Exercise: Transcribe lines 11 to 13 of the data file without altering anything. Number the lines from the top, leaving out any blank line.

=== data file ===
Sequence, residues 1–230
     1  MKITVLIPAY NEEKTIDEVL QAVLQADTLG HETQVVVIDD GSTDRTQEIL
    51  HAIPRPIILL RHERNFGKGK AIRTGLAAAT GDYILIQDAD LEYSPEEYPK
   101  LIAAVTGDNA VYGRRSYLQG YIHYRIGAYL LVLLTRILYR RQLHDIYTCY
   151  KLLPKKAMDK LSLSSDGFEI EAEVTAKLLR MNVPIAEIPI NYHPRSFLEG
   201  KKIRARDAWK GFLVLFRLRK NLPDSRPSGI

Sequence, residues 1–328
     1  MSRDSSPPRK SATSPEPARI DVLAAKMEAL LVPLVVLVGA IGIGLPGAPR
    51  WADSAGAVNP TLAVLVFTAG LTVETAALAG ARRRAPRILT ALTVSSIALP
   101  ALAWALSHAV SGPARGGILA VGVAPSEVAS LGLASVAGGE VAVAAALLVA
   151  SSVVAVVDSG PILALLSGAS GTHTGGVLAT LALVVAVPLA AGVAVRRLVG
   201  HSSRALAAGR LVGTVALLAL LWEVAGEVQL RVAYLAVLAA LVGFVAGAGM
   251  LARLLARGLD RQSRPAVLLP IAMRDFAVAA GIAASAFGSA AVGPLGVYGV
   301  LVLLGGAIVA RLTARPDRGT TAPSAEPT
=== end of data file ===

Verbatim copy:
   151  SSVVAVVDSG PILALLSGAS GTHTGGVLAT LALVVAVPLA AGVAVRRLVG
   201  HSSRALAAGR LVGTVALLAL LWEVAGEVQL RVAYLAVLAA LVGFVAGAGM
   251  LARLLARGLD RQSRPAVLLP IAMRDFAVAA GIAASAFGSA AVGPLGVYGV